I hope you DO work out your payroll issues, man. ASK about the training pay, I feel that is an issue.... I just SO DO.

Switching BACK TO DRY VAN is in NO WAY a loss of masculinity, IMHO ... if that's what you feel you need to do.... I COMMEND YOU FOR IT!

Put it this way: If Tom were you ... (or in your shoes,) I'd be saying "Honey just go back to dry van!!!! Learn the REST there is to know about trucking/driving/parking NOW, and THEN maybe go back to Open Deck." I'd NEVER suggest he switch to another open deck company in hopes of learning more... because what "if not?"

You lose NO man card. If the other site tells you otherwise, that's on you for asking those guys. We know many of'em. Shamefully.

My opinion only, with a few chimes from the fat guy in the pic, LoL!

~ Anne ~

CDL:

Commercial Driver's License (CDL)

A CDL is required to drive any of the following vehicles:

  • Any combination of vehicles with a gross combined weight rating (GCWR) of 26,001 or more pounds, providing the gross vehicle weight rating (GVWR) of the vehicle being towed is in excess of 10,000 pounds.
  • Any single vehicle with a GVWR of 26,001 or more pounds, or any such vehicle towing another not in excess of 10,000 pounds.
  • Any vehicle, regardless of size, designed to transport 16 or more persons, including the driver.
  • Any vehicle required by federal regulations to be placarded while transporting hazardous materials.

Dry Van:

A trailer or truck that that requires no special attention, such as refrigeration, that hauls regular palletted, boxed, or floor-loaded freight. The most common type of trailer in trucking.

HOS:

Hours Of Service

HOS refers to the logbook hours of service regulations.
Banks's Comment
member avatar

The negative feedback is because the training will generally be the same anywhere you go. Don't believe me? Call and ask. I'd be willing to bet that at most they offer a week of load securement training, if that.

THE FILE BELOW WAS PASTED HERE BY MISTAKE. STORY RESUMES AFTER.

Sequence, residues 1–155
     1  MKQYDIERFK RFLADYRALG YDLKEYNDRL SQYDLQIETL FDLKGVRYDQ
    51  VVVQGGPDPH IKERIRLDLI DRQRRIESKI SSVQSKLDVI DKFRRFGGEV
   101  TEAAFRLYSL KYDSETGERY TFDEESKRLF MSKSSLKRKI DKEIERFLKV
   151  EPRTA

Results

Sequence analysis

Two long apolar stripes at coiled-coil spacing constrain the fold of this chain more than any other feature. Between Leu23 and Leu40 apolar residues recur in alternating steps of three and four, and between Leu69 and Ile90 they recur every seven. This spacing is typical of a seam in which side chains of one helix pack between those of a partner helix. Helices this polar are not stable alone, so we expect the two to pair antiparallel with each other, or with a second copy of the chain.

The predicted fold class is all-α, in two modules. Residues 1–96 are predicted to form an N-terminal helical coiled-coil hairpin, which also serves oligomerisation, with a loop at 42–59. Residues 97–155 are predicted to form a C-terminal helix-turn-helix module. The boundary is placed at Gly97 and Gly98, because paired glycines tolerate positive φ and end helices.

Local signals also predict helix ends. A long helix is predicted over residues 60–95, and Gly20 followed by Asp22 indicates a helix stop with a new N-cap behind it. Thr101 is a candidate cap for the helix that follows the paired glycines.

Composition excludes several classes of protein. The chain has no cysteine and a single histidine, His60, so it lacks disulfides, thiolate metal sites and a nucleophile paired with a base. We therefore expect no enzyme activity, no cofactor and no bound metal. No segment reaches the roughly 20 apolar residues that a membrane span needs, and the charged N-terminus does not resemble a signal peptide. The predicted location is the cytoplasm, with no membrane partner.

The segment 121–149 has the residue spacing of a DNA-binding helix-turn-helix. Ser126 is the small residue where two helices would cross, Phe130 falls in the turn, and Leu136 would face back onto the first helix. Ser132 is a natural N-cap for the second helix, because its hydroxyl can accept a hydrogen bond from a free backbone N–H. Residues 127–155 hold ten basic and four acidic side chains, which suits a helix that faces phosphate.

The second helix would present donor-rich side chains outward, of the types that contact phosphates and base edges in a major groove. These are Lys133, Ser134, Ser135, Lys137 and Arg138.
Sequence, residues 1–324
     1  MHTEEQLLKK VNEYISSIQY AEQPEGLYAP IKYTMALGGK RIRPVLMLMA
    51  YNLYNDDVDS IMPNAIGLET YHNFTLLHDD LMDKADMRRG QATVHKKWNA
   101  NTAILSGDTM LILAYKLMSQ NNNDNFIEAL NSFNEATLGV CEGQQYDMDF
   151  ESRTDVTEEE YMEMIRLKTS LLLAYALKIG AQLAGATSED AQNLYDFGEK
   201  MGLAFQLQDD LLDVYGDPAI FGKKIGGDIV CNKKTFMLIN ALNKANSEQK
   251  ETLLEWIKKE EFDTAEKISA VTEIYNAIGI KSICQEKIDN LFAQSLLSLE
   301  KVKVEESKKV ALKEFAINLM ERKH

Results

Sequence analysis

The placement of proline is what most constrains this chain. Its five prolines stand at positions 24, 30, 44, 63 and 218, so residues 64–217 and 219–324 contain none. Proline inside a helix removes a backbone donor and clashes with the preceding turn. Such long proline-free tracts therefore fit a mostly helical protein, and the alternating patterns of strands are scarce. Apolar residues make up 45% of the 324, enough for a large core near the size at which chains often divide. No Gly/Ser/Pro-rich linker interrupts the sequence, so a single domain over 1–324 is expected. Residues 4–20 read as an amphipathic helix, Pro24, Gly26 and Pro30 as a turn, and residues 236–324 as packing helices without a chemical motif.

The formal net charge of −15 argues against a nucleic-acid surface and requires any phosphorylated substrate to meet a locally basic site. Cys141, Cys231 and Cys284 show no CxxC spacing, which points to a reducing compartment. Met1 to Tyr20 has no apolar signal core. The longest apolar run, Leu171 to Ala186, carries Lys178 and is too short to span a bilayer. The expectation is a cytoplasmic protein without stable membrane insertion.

Have you had this conversation with Knight? The thing about big companies is that they have the resources to do these things for you. Send a message on your Qualcomm (if that's how they do it) to safety saying you feel you need more training. Communication works 2 ways and you have to be vocal with them about your issues and you can't fly off the handle when they don't get back to you right away.

I once had a major blowout with a supervisor at FedEx. I sent out a long detailed email to HR, Regional HR, The terminal manager and the regional VP. It took them 8 working days to get somebody out to talk to me. The detailed what corrective actions they took against the supervisor and told me how to handle it next time, if there is a next time. Imagine if I would've quit because they didn't get back to me the next day. You have to give things time to play out.

There's a reason I sent the email. First, I let it sit in the draft box for a bit to think about it and make sure I include everything. Second, I get everything out with no interruptions. Third, I communicate better by writing and lastly, I have a copy for my records. If anything happened with that supervisor or any retaliation, I have proof that I made them aware of the issues.